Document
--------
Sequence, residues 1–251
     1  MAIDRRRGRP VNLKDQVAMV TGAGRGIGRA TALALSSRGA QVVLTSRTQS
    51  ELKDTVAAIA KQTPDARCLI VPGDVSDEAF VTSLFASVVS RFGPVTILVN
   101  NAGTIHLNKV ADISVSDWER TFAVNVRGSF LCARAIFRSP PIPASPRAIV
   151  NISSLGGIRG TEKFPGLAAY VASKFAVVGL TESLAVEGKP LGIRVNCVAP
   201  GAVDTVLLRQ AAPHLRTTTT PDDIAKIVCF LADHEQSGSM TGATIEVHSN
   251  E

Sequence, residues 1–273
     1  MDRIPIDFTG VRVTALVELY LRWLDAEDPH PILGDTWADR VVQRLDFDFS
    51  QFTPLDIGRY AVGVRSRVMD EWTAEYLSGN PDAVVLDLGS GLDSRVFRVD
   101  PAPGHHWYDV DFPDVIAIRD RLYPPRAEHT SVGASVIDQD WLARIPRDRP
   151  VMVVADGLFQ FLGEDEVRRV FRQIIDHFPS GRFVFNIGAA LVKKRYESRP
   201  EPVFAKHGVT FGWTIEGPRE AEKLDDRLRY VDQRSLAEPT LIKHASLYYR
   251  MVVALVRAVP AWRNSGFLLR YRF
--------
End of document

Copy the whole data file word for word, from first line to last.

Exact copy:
Sequence, residues 1–251
     1  MAIDRRRGRP VNLKDQVAMV TGAGRGIGRA TALALSSRGA QVVLTSRTQS
    51  ELKDTVAAIA KQTPDARCLI VPGDVSDEAF VTSLFASVVS RFGPVTILVN
   101  NAGTIHLNKV ADISVSDWER TFAVNVRGSF LCARAIFRSP PIPASPRAIV
   151  NISSLGGIRG TEKFPGLAAY VASKFAVVGL TESLAVEGKP LGIRVNCVAP
   201  GAVDTVLLRQ AAPHLRTTTT PDDIAKIVCF LADHEQSGSM TGATIEVHSN
   251  E

Sequence, residues 1–273
     1  MDRIPIDFTG VRVTALVELY LRWLDAEDPH PILGDTWADR VVQRLDFDFS
    51  QFTPLDIGRY AVGVRSRVMD EWTAEYLSGN PDAVVLDLGS GLDSRVFRVD
   101  PAPGHHWYDV DFPDVIAIRD RLYPPRAEHT SVGASVIDQD WLARIPRDRP
   151  VMVVADGLFQ FLGEDEVRRV FRQIIDHFPS GRFVFNIGAA LVKKRYESRP
   201  EPVFAKHGVT FGWTIEGPRE AEKLDDRLRY VDQRSLAEPT LIKHASLYYR
   251  MVVALVRAVP AWRNSGFLLR YRF